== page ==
No. Dogs should not eat jellybeans.
It does not help that dogs show immense appreciation upon being given a jellybean or two. Unfortunately, some people use jellybeans as rewards because dogs react positively to them.
While jellybeans do not have hazardous effects on dogs like chocolate does, they are bad for their health in the long term.
This article will discuss why jellybeans are bad for dogs.
Why Are Jellybeans Bad for Dogs?
If you have ever had jellybeans, then you know how sugary they are. This is where the problem lies. Too much sugar increases the risk of obesity in dogs. And this is no small issue; in the US, 30% of all dogs are obese. Obesity predisposes your furry friend to conditions such as heart disease, osteoarthritis, hypertension, and certain types of cancers.
Moreover, jellybeans offer no nutritional value to your pet. In fact, they contain a host of ingredients that can have a detrimental effect on a dog’s health. They include:
As mentioned, jellybeans have an exceptionally high sugar content, which is why they are so popular. While dogs can tolerate some sugar in their diet, the amount of sugar in jellybeans is too high for comfort.
Such high levels of sugar not only encourage weight gain but also promote issues such as diabetes and tooth decay. Moreover, if your pup is not used to sugary treats (as it should be), even an occasional jellybean can result in a stomach upset.
Xylitol is an artificial sweetener. It is a staple ingredient in the sugar-free variant of sugary products, such as candles, chewing gum, and cakes.
While xylitol might be “sugar-free,” it is still not good for your pup. In fact, according to research, xylitol is toxic to dogs, even in small amounts. Upon absorption, this compound triggers the dog’s pancreas to secrete large amounts of insulin. A spike in insulin levels in the bloodstream is associated with effects such as hypoglycemia (low blood sugar).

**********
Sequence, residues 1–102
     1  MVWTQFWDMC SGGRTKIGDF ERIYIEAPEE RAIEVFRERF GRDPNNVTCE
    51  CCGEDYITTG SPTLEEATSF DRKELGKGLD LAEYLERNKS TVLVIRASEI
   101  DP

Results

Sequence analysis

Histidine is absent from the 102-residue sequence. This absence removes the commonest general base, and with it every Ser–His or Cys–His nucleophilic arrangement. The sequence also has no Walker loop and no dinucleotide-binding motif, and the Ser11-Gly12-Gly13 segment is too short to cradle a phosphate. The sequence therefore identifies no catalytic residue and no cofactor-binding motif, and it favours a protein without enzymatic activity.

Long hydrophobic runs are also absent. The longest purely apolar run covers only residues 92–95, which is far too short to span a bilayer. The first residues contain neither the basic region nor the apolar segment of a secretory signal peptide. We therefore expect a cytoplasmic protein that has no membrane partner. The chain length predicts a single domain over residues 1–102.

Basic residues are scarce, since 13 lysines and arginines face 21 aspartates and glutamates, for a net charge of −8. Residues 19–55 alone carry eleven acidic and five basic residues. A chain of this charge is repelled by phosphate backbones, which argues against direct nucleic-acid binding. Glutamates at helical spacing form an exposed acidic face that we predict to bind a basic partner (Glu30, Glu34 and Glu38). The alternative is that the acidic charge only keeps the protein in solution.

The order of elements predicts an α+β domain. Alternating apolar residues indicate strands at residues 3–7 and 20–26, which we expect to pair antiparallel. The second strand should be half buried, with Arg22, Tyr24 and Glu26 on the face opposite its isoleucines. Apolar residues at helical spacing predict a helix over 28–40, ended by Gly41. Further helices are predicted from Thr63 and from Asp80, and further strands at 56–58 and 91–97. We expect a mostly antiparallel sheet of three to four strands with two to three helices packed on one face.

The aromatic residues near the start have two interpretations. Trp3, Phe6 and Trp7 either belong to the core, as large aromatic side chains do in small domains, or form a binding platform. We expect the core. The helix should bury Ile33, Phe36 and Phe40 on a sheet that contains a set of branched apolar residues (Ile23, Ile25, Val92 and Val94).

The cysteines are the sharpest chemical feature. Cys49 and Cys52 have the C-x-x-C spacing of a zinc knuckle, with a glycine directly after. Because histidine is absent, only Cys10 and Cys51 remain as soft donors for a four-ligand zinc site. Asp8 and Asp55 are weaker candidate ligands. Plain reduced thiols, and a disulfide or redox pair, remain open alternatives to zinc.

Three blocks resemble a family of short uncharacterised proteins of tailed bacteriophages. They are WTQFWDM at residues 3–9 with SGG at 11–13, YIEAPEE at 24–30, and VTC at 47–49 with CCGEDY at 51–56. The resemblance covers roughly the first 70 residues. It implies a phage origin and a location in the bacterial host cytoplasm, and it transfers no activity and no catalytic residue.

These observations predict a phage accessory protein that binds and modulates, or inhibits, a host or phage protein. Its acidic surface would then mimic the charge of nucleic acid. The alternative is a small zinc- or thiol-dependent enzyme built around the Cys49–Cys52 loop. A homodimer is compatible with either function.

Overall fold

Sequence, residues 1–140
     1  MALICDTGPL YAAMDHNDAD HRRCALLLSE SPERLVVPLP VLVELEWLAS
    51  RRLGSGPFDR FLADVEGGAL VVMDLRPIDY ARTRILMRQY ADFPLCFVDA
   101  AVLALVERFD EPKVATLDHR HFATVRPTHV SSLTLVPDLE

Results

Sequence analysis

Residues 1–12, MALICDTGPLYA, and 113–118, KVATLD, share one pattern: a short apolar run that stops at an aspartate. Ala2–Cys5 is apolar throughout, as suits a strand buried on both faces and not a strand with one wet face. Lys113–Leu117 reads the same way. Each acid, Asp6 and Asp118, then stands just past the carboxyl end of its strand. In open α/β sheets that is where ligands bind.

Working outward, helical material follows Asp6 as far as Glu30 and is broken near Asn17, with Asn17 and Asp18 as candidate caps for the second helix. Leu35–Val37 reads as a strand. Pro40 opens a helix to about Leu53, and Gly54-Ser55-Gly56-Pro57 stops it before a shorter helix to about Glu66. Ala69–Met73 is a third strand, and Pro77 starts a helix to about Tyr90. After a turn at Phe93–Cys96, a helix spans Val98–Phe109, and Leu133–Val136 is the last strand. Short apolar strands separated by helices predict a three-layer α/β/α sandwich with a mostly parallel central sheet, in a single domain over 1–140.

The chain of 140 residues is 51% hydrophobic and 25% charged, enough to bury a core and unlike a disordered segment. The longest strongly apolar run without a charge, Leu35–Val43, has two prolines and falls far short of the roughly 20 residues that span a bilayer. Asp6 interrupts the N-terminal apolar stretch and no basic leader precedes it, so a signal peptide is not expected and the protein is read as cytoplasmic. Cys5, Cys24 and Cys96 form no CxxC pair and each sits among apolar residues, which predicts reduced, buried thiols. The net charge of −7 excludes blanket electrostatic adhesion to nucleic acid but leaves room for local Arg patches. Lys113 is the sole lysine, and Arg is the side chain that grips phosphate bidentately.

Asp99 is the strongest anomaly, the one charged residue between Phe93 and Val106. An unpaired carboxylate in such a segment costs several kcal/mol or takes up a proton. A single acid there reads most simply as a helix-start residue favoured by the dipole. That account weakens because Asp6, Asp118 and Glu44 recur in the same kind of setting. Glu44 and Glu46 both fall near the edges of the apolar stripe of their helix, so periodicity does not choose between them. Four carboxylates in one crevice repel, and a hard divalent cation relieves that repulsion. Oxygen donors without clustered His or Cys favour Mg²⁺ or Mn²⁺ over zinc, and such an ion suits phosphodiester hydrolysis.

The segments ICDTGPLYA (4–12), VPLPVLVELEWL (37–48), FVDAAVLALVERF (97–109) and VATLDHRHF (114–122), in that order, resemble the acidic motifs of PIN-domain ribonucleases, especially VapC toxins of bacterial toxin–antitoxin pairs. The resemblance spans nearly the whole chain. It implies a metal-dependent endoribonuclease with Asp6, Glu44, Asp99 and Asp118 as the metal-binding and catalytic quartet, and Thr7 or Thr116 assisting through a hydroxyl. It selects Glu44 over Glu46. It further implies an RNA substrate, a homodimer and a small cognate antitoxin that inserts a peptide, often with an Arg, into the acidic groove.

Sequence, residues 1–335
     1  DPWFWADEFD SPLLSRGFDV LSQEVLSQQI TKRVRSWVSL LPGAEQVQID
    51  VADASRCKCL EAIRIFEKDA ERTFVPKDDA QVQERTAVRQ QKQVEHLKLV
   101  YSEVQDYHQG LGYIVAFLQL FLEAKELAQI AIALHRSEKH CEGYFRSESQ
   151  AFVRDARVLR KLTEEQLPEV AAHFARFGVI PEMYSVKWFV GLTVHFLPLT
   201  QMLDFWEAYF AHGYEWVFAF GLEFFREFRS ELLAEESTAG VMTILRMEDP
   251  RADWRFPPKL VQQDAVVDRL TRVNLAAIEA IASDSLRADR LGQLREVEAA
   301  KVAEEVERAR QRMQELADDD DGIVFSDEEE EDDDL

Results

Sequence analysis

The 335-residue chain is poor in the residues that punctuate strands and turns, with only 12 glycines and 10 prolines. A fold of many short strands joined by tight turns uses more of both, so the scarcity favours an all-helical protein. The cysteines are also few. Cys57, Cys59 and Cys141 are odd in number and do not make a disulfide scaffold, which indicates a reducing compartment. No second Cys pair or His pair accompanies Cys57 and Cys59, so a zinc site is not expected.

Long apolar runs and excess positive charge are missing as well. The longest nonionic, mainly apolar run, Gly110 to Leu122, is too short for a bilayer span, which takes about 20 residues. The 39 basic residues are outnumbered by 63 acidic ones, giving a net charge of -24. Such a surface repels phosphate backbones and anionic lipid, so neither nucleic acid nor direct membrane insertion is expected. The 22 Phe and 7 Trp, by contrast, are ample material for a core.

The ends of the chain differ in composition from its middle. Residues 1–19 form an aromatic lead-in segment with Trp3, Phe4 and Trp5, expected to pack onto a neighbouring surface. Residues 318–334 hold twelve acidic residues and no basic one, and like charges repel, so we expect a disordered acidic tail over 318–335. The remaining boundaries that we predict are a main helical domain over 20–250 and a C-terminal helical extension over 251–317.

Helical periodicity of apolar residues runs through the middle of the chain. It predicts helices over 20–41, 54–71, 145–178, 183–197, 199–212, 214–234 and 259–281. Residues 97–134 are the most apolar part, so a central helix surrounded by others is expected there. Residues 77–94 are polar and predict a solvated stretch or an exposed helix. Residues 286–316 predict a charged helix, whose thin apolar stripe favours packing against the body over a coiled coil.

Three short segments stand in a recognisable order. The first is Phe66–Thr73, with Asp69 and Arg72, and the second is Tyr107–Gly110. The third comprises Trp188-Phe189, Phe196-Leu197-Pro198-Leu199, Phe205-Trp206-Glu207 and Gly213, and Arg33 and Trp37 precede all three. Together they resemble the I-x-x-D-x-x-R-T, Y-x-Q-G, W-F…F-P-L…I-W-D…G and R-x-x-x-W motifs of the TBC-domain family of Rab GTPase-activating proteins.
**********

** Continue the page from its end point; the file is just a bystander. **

A low blood sugar level is characterized by symptoms such as lethargy, delirium (confusion), seizures, vomiting, and even liver failure. In extreme cases, hypoglycemia can result in coma or death. Therefore, if your pup eats jellybeans containing xylitol accidentally, take them to the vet immediately.
While caffeine is not a common ingredient in jellybeans, some jellybean brands do include it in their products, dubbing them “sporting jellybeans.” Since these are promoted as energy boosters, they also come with a higher sugar content than standard jellybeans.
The effects of caffeine on dogs are far-reaching. It not only affects the animal’s behavior by making it hyperactive but also increases the dog’s heart rate, putting it at risk of serious conditions such as high blood pressure.
Some manufacturers use a concoction of artificial colors, flavors, and other additives to increase the desirability of their products. As you can imagine, the majority of artificial additives are not good for dogs.
Pectin is what gives jellybeans their texture, as it is a gelling agent. Since pectin is a soluble fiber, it can be beneficial to dogs in small doses. It alleviates issues such as diarrhea by thickening the pooch’s stool. In higher doses, however, pectin can absorb all the water in the dog’s stomach, resulting in constipation, among a host of other gastrointestinal issues.
While a few jellybeans are not likely to harm your dog, they are better off with other treats. However, that is easier said than done, as dogs have a special affinity for jellybeans. But be warned, more than a few jellybeans can be hazardous to dogs, especially if they contain caffeine or xylitol. If your dog consumes jellybeans accidentally, take them to the vet immediately.
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